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AB-1766 Foster youth: transitional housing pilot project.(2013-2014)

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Amended  IN  Assembly  April 23, 2014
Amended  IN  Assembly  March 24, 2014

CALIFORNIA LEGISLATURE— 2013–2014 REGULAR SESSION

Assembly Bill
No. 1766


Introduced by Assembly Member Nazarian

February 14, 2014


An act to add Section 16523 to the Welfare and Institutions Code, relating to foster care.


LEGISLATIVE COUNSEL'S DIGEST


AB 1766, as amended, Nazarian. Foster youth: transitional housing pilot project.
Existing law establishes the Aid to Families with Dependent Children-Foster Care (AFDC-FC) program, under which counties provide payments to foster care providers on behalf of qualified children in foster care. The program is funded by a combination of federal, state, and county funds, with moneys from the General Fund being continuously appropriated to pay for the state’s share of AFDC-FC costs.
Existing law requires the State Department of Social Services to adopt regulations to govern county transitional housing placement programs that provide supervised housing services to persons at least 16 years of age and not more than 18 years of age, with specified exceptions, who satisfy the requirements of the AFDC-FC program, are in out-of-home placement, as specified, and are participating in, or have successfully completed, an independent living program. Existing law requires that in order for a facility to participate in a transitional housing placement program, the facility shall obtain certification from the county department of social services or county probation department that the facility satisfies certain criteria.
This bill would authorize the County of Los Angeles, in conjunction with the University of California at Los Angeles and First Star, Incorporated, or a related, a local education agency, and a nonprofit child advocacy organization, to participate in a pilot project to establish the University-Affiliated First Star High School Academy, under the administration of the State Department of Social Services. The bill would require that the academy be licensed as a transitional housing placement provider, but would specify certain alternative requirements for the project including, among others, that the academy serve foster children who are attending high school and are at least 13 14 years of age. The bill would require the county to ensure that permanent placement options, including reunification, adoption, and the establishment of permanent guardianships, remain the priority placements for children who are eligible to participate in the academy. The bill would require the department to prepare a report evaluating the effectiveness of the pilot project and to submit it to the Legislature by January 1, 2020. The bill would make legislative findings and declarations as to the necessity of a special statute for the County of Los Angeles.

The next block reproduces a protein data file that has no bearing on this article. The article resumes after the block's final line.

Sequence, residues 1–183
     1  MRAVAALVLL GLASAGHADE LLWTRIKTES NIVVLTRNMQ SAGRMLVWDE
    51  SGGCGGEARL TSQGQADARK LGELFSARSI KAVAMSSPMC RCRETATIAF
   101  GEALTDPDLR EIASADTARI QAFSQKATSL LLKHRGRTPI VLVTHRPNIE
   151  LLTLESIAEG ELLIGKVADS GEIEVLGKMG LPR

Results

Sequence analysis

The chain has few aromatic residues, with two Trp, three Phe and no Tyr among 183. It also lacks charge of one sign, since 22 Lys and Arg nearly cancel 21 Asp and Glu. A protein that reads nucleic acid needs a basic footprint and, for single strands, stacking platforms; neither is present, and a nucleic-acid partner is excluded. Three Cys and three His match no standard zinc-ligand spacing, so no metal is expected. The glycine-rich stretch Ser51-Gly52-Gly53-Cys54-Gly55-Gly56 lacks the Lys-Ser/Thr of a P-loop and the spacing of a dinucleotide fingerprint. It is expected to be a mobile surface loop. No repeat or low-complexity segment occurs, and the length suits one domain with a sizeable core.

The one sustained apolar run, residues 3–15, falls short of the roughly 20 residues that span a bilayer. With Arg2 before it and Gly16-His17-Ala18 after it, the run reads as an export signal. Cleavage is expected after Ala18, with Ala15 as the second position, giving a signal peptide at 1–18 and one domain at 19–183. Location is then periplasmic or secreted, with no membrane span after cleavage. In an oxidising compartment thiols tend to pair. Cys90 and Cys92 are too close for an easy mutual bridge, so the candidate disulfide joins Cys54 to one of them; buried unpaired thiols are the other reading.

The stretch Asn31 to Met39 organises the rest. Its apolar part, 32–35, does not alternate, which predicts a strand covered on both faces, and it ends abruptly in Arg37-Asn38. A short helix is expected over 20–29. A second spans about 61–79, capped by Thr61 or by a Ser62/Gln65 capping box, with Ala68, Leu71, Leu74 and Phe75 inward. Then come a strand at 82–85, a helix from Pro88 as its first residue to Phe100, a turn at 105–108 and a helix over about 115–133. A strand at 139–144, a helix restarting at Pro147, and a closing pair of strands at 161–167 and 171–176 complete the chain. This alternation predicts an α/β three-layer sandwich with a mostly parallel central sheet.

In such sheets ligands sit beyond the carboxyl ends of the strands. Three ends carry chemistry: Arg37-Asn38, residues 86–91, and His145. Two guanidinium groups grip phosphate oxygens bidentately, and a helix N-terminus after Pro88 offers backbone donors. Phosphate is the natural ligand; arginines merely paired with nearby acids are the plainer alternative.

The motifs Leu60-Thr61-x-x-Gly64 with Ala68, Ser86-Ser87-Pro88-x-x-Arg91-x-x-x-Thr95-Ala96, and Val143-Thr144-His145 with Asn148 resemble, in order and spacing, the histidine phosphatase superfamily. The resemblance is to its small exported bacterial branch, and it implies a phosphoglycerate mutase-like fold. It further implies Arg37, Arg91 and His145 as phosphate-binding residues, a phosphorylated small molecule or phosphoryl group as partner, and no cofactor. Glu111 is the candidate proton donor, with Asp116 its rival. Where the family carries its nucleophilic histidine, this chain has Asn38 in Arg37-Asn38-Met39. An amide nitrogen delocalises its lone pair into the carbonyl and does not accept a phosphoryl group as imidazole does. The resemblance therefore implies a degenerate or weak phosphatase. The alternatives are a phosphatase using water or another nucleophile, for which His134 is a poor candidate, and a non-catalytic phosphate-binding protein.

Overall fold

This bill would provide that the continuous appropriation for the state’s share of the AFDC-DF costs would not be made for purposes of implementing the bill.
Vote: MAJORITY   Appropriation: NO   Fiscal Committee: YES   Local Program: NO  

The people of the State of California do enact as follows:


SECTION 1.

 The Legislature find and declares all of the following:
(a) Only 50 percent of foster youth graduate from high school.
(b) Only 3 percent of former foster youth graduate from a four-year college, even though more than 70 percent express a desire to earn a college degree.
(c) In Los Angeles County, 24 percent of former foster youth will have experienced homelessness within two years of leaving the foster care system.
(d) Approximately 60 percent of young women in foster care will become pregnant by 20 years of age.
(e) Within two years of leaving the foster care system, 64 percent of young men and 30 percent of young women are incarcerated.
(f) With approximately 5,200 youth aging out of foster care every year in California, the cost to state and local governments of homelessness, incarceration, and indigence of former foster youth is $165 million per year.
(g) The college environment has a holistic effect on students, and impacts not only the academic but also the psychosocial aspects of students’ development.
(h) Large colleges and universities have specialists in the areas of medicine, law, psychology, sociology, communication, and education who can greatly augment the services provided to foster youth by county child welfare agencies.